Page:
King's Manor, York.

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An Introduction To The History of King's Manor, York.

King's Manor is a Grade I listed building in York, England. Originally built to house the abbot of St. Mary's Abbey close by. The Abbot's house probably occupied the site since the 11th century, but the earliest remains date from the 15th century.

Henry VIII was created Duke of York in 1494. St Mary's Abbey was dissolved in 1539, Henry VIII instructed that it be the seat of the Council of the North. After the dissolution of the monasteries, the building was retained by the crown and many monarchs stayed here, including Henry VIII, with Catherine Howard his 5th wife, and James VI of Scotland on his way south to be James I of England. In his honour a magnificent gateway was added to King’s Manor with figures representing Justice, Prudence and the Sun.

James’ son, Charles I, became Duke of York in 1604. As King, he established the Council of the North at King’s Manor, making York the capital of the North, and he stayed here immediately before Civil War broke out. His coat of arms is still above the doorway. During the Civil War and the Siege of York, King’s Manor became the Royalist headquarters. It performed this role until the Council was abolished in 1641.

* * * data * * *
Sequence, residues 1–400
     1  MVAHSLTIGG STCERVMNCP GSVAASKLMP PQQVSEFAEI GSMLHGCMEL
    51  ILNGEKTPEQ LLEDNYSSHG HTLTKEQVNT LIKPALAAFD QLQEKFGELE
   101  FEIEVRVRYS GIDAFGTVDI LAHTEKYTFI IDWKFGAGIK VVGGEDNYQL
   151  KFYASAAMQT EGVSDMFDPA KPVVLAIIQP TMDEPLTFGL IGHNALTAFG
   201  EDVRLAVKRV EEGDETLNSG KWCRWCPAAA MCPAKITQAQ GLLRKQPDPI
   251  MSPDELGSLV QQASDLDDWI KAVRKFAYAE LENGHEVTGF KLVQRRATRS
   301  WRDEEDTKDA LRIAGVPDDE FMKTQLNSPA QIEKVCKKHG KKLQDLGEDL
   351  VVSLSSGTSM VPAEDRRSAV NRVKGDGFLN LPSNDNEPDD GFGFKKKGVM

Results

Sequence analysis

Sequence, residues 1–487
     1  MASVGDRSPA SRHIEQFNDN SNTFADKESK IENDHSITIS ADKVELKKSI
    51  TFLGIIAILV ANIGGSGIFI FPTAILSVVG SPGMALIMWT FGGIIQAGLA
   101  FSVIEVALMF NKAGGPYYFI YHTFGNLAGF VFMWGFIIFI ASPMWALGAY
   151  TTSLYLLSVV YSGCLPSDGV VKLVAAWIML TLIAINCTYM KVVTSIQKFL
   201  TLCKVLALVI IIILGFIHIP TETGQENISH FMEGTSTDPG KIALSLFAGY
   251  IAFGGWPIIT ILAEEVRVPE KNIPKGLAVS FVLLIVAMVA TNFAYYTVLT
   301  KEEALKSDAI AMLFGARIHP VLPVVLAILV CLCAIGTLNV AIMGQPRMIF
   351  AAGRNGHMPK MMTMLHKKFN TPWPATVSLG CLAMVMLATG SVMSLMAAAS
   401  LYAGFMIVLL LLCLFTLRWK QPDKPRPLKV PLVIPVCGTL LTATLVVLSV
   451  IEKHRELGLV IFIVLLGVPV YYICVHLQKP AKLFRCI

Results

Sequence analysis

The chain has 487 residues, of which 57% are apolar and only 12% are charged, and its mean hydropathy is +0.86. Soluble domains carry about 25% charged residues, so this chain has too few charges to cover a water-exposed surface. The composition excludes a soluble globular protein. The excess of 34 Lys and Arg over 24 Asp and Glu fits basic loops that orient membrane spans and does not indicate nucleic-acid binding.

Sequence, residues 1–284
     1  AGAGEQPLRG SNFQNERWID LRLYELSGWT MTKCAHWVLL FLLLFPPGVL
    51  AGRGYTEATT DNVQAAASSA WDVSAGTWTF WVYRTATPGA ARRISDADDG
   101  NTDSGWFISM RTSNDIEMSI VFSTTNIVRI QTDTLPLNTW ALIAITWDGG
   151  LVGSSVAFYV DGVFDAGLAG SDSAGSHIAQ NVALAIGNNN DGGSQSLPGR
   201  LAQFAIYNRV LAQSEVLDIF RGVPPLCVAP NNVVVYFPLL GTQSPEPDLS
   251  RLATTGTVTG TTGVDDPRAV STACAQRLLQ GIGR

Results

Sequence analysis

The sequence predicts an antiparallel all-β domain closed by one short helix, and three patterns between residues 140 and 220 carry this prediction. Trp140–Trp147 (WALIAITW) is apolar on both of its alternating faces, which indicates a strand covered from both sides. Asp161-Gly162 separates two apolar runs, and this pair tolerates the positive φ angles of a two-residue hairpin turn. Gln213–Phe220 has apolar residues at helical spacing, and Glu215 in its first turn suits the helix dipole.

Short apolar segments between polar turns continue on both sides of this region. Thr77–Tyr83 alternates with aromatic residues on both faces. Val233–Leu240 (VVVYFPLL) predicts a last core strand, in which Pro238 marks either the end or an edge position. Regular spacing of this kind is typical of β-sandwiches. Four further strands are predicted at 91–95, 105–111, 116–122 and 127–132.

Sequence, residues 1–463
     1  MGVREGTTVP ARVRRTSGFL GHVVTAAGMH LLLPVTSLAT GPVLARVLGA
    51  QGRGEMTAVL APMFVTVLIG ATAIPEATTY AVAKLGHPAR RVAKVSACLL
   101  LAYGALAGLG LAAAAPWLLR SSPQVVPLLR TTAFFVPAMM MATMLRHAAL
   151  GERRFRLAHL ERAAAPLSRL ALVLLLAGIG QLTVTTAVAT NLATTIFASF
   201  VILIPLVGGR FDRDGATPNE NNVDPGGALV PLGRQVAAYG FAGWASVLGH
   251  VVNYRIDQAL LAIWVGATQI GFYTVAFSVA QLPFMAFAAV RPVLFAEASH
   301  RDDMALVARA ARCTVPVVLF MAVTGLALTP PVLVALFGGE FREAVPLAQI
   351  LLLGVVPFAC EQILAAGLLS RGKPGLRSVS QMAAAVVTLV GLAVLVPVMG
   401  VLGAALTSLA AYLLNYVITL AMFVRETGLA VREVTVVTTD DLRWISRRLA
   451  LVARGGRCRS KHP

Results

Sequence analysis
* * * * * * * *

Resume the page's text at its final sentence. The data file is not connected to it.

Following the Civil War, the building was hired out to private tenants until the 19th century, when it was taken over by the Yorkshire School for the Blind. The Principal's house, now home to the University's Centre for Medieval Studies, was built in 1900 but looks much older. On the departure of the Blind School in 1958, the Manor was acquired by City of York Council, who leased it to the University in 1963. York University later moved to their purpose built campus near Heslington, but kept these buildings now home to the departments listed below.

Entrance to King's Manor

(above) Entrance to King's Manor, showing The House of Stuart Coat of Arms.
Since repainted! Newer photo here